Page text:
* Using the inside rein too strongly could cause the horse to take the incorrect lead. If already cantering, a too-strong inside rein could cause him to break into a trot.
* If your horse breaks into a trot, go back to the walk. Don't push him into a canter from a fast trot.
* Keep your horse up on the outside rein so he won't drop to the inside and become heavy on his leading foreleg. You want him to be light!
Always start on a straight line from a good square halt.
Keep even weight on both seat bones, but don't sit real deep. Bear some weight on your thighs without leaning forward.
Flex your gluteal muscles and abdominals to tilt your pelvis and bring your seat bones forward.
Straighten your lower back to help your seat bones come forward.
Apply equal pressure with both legs at the girth.
As the horse arrives at the bit, maintain non-allowing equal direct rein pressure to encourage him to let his impulsion out backwards.
Once the horse has yielded at jaw, poll, and loin, and has begun moving backward, lighten rein aids but maintain contact and continue seat and leg aids.
To discontinue backing, release rein aids but continue seat and leg aids momentarily to drive the horse up to a halt or a forward gait.
The rein back is a "man-made" diagonal, two-beat gait in reverse. In nature, horses rarely back up for more than a step or two.
When backing promptly, the left hind and right front are lifted distinctly, moved backward, and placed down together. They alternate with the right hind and left front in a precise synchronization. When backing more slowly, the diagonal pairs break on landing, the front landing ahead of its diagonal hind.
The back is best ridden when thought of as a "forward" gait because the horse must first be ridden up into contact as if he were going to walk.
* Riding the back is valuable for suppleness, obedience, and developing strength of back and hindquarters of any horse.
* Riding the back is used in all English performances and second-level dressage.
* If your horse "gets stuck" or "freezes," use squeeze and release, vibrations, or light alternating reins to untrack him. Never try to pull a horse backward.
* If a horse backs too slowly or unwillingly, the back becomes a labored, four-beat gait, and often the horse will drag his feet backward rather than lift his legs.
* If a horse backs crookedly, apply the leg on the side to which he is angling his hindquarters. If he is swinging his hindquarters to the right, first be sure you are not causing it with your left leg or left rein. If they are OK, apply your right leg behind the girth to straighten him.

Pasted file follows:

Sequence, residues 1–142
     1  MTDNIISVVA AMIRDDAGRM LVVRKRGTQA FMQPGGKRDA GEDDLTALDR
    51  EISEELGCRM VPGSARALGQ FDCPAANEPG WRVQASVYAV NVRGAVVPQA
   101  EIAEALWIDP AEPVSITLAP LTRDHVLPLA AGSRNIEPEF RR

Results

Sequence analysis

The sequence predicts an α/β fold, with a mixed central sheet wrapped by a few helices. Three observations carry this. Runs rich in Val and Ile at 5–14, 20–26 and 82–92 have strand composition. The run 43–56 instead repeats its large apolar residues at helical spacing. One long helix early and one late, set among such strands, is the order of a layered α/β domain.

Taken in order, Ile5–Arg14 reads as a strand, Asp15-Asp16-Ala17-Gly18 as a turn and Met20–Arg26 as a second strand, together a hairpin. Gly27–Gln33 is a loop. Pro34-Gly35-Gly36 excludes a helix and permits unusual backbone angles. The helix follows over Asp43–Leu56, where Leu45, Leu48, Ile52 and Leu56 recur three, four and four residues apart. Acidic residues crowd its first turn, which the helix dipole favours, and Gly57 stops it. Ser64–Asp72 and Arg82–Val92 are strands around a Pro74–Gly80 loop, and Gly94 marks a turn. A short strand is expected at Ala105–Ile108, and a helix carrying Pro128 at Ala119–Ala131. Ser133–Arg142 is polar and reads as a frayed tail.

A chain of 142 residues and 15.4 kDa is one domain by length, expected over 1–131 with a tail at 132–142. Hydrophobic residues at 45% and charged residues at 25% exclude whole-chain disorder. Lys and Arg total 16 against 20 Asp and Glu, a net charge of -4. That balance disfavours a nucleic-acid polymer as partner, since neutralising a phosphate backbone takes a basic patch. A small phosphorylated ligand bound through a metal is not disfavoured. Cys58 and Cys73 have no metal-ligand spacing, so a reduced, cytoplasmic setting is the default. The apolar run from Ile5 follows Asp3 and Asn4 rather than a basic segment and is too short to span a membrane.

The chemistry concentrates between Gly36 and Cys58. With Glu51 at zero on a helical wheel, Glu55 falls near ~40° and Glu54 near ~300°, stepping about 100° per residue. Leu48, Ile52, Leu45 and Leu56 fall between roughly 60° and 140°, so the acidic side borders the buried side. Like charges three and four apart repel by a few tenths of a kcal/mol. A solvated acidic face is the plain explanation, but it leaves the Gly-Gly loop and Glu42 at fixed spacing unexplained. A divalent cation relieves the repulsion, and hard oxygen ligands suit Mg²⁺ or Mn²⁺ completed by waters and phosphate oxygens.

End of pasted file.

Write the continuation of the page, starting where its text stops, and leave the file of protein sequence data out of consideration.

* Never start the back with the reins.
* Backing can be overdone and cause anticipation, a dangerous rapid rushing backward, or can cause the horse to use backing as an avoidance behavior.
* A horse needs to become gradually accustomed to the concept of backing, and he must be allowed to build up his coordination and strength before he is asked to back for long distances.
Trot — Halt — Back — Trot
Trot the corner.
When straight, walk 1–2 strides.
Trot 1–2 strides.
Trot 1–2 strides.
Back 2 strides.
Walk 1 stride.
Trot 1–2 strides.
Back 2 strides.
Trot forward and around both corners of the short end.
When straight, halt.
Back 2 strides.
Trot 2–3 strides.
Back 2 strides.
This is a transition from a diagonal gait in reverse to a diagonal gait forward, so it should be very fluid and energetic. The horse's weight should just settle on the last rearward step and instantly be translated to the first forward trot step. If you fumble or get imbalanced in the middle of the transition or if the horse locks up, you have lost the benefit of the exercise.
Backing can be overdone. It can be used as an evasion by the horse. Watch for signs of anticipation or reluctance to move forward into the contact.
* Develops springiness to the trot depart.
* Engages hindquarters and brings a roundness to the top-line.
Posting trot and trot around the corner.
Trot down the long side and around the corner.
Sitting trot down the short end.
In the second corner of the short end, ride a 40-foot-diameter circle in active sitting trot, with strong right leg and right seat bone.
Finish the circle and head across the diagonal.
After one stride straight, you should feel even contact in both of your hands.
Lengthen across the diagonal, posting trot.
Use exaggerated driving aids with each sitting beat.
Allow the horse to fill up a new frame with his increased impulsion and reach by letting both of your hands move forward.
Ride the lengthening as many strides as the horse is capable of while staying in balance, from just a few strides to the entire diagonal.
Half halt as you end the lengthening.
Sitting trot straight and around the corner to left.
This exercise develops strength of back, loin, and hindquarters of any horse.
* At first, just ask for a few strides. Over time, ask for the entire diagonal. A horse must develop the strength to lengthen.